This holy mountain has a rock seat called 'The Seat of Prince Idris'. It is said that anyone who spends the night alone on the mountain will either die, become insane or become a poet.

The seat of Prince Idris is also known as the Chair of Idris, and was named after a giant who was said to view the heavens from this lofty point. Read More »

Caer Leb

Caer Leb is a rectangular shaped earthwork with double banks and ditches. It measures approximately two hundred feet by one hundred and sixty feet, so it is quite a large site. A 3rd Century brooch and a 4th Century denarius along with some Roman pottery and Iron Age quern stones have been found at Caer Leb. Read More »

Caer-y-Twr

Caer-y-Twr is the remains of an Iron Age hill fort on the summit of Holyhead mountain (Mynydd Twr) 220 metres in height. Due to its position, it did not need much additional defence, but it had a stone rampart on the northern and eastern sides enclosing an area of roughly seven hectares. The site of the hill fort now contains mostly rubble, but the walls can still be identified. Read More »

Caerffynnnon

These are the remains of an ancient settlement, probably an enclosed group of huts. They appear as two round depressions close to some modern improved pasture.

Caerleon Amphitheatre

Arthurs Round Table

This is the best example of a Roman amphitheatre in Britain. Until 1926 when serious excavations were undertaken at the site, it was considered to be a circular earthwork and linked to the legend of King Arthur being known as his Round Table. Read More »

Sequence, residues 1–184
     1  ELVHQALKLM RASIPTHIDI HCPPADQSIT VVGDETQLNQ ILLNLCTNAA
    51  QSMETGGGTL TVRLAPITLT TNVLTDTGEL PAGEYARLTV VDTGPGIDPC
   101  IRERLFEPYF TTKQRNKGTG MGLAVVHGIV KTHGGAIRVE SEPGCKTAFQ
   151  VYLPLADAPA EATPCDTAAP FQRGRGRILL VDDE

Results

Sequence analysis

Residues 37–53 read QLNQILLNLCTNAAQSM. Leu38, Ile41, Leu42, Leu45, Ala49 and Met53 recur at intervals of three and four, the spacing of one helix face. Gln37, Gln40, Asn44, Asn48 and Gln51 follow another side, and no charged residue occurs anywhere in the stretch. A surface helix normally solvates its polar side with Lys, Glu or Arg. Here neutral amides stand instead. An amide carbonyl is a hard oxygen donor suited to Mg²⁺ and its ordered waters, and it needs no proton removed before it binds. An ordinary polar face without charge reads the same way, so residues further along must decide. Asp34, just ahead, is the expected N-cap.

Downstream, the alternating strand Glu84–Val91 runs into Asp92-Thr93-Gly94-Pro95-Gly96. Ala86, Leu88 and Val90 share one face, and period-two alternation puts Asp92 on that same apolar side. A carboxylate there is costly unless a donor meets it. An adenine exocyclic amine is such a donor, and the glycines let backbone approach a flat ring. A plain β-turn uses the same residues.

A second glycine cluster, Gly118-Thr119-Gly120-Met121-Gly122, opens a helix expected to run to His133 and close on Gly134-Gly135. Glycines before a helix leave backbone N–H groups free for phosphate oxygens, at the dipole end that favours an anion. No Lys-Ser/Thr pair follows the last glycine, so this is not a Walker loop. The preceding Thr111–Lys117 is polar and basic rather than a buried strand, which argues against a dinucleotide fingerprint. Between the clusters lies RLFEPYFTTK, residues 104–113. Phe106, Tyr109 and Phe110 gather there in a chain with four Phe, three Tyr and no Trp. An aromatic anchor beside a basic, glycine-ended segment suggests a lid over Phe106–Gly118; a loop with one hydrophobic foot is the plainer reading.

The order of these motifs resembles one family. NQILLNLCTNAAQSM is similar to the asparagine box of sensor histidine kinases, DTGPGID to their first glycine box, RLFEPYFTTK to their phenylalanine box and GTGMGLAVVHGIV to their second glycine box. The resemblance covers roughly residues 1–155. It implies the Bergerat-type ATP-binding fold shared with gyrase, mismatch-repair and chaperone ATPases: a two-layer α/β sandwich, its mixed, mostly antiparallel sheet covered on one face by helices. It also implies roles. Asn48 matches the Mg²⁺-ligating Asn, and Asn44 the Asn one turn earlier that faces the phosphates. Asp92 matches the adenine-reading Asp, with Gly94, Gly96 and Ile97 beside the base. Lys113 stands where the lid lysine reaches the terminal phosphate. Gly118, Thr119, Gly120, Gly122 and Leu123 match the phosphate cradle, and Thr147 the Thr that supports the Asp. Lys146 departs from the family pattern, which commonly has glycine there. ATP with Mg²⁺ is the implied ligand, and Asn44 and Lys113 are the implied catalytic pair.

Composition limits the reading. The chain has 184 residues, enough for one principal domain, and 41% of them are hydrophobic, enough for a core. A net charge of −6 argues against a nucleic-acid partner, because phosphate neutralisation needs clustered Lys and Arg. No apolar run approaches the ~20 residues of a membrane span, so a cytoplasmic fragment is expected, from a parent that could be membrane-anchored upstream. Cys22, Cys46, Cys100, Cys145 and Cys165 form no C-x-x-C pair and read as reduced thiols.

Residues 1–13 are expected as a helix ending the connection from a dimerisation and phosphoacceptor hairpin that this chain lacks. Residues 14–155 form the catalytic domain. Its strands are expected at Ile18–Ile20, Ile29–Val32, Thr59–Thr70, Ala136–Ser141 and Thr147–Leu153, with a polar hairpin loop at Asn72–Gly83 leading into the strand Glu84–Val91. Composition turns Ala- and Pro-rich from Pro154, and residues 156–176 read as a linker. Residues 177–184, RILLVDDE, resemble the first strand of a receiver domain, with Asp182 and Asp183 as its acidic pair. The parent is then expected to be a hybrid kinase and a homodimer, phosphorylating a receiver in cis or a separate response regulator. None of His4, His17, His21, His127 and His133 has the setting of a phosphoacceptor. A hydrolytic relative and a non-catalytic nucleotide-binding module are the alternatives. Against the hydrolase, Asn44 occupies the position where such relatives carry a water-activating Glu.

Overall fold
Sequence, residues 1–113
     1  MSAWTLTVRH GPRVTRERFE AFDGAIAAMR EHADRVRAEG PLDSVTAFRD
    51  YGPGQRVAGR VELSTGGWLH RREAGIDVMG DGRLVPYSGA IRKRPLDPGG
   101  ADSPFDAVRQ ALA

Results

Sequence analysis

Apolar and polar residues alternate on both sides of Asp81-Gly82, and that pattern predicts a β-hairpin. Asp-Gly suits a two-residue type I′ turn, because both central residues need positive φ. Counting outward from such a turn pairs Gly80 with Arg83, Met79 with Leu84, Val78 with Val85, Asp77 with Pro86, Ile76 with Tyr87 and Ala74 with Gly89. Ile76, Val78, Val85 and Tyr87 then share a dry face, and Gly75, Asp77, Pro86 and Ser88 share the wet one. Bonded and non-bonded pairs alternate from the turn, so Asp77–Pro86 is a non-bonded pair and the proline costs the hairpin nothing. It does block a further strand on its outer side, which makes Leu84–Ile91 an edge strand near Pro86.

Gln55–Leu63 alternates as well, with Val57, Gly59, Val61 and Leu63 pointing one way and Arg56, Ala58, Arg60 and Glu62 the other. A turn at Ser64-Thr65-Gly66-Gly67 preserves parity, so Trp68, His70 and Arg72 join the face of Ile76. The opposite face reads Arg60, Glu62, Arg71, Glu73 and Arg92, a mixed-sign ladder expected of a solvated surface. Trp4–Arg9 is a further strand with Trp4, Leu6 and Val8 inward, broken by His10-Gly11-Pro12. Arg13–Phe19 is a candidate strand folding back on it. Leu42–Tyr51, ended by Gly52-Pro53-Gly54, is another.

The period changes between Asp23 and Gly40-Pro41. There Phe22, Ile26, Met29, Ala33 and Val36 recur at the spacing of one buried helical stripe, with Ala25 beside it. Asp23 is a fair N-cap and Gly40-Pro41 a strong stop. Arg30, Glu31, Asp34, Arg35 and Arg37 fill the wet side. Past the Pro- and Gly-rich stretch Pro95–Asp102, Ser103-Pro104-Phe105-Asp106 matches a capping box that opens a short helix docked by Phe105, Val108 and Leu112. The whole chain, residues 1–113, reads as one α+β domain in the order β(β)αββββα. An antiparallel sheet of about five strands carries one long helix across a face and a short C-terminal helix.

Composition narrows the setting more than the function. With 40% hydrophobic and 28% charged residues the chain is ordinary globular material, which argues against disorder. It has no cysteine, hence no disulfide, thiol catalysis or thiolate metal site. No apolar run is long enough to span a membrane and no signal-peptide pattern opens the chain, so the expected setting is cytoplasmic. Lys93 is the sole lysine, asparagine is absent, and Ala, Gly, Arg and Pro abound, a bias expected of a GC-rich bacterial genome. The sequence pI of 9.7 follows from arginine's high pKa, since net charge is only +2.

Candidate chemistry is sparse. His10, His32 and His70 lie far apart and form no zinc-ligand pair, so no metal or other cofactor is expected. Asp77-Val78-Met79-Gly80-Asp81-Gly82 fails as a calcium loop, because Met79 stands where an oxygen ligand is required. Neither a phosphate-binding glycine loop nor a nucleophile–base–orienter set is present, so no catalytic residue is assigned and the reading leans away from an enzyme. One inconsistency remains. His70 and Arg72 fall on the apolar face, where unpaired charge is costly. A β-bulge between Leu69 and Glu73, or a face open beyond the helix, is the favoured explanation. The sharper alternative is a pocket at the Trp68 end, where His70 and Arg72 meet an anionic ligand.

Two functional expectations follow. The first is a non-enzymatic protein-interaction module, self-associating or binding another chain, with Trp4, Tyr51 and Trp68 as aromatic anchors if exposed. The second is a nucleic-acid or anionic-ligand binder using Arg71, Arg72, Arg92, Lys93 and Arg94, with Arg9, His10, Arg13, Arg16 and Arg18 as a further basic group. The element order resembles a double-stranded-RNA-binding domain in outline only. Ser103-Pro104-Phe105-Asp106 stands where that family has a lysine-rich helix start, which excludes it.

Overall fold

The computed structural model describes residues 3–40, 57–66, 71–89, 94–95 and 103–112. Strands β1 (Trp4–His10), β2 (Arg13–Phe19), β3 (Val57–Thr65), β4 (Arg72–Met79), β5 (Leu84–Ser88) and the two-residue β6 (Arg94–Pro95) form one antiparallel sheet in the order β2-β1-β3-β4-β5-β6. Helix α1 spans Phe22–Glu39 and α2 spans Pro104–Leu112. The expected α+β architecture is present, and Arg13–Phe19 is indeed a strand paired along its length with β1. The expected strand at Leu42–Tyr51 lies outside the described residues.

Canrig Bwt

A famous Welsh witch, who used to sleep under stone at Llanberis, in North Wales, was called Canrig Bwt, and her favourite dish at dinner- was children's brains. A certain criminal who had received a death-sentence was given the alternative of attacking this frightful creature, his life to be spared should he succeed in destroying her. Read More »

Capel Garmon Burial Chamber

Located to the south of the village of Capel Garmon, signposted and in a farmer’s field, are the remains of an ancient Neolithic chambered cairn. It is estimated that the ruins are around 5,000 years old, and it was excavated sometime between 1925 and 1927. It has a curved passage approximately fifteen feet long and four feet high, and two circular burial chambers to the east and west. Read More »

Capel Garmon Church

There have been a series of churches in Capel Garmon, the latest of which is the now closed, this being  St Garmon's Church that was built in 1862. In his 'Welsh folk-lore' (1887) Elias Owen recounts the following legend he heard pertaining to the church in Capel Garmon from his friend Rev. Owen Jones of Pentrevoelas. Read More »

Capel Lligwy

Capel Lligwy

The remains of this building, close to Din Lligwy and the Lligwy cromlech can cause the visitor to stop and ponder why a chapel was built in this isolated evocative position overlooking L Read More »

Capel Salem

Salem

Built in 1850, this Baptist Chapel was made famous by the Devon artist Sydney Curnow Vosper (29 October 1866 – 10 July 1942) in 1908, when he painted a member of the congregation in traditional Welsh costume. Read More »

Cardiff Castle

Cardiff Castle

This site has been used for military installations since 55AD when the first Roman fort was built upon it during the pacification of the Silures Tribe. Read More »

Carn March Arthur

A rock overlooking the Dovey Estuary, on a hill above the A493, bears a depression that is said to be the hoofprint of Arthur's horse.

Directions: The rock lies above the A493.

Carneddau Hengwm

The Carneddau Hengwm are a couple of quite large tumuli or Neolithic burial chambers that are about two and half miles inland from Llanaber off the A496 Meirionnydd coastal road between Barmouth and Harlech. They lie in an East to West alignment, about fifty yards apart and at an altitude of 900 feet. Read More »



Share/Save

Navigation

Recent comments

Featured Site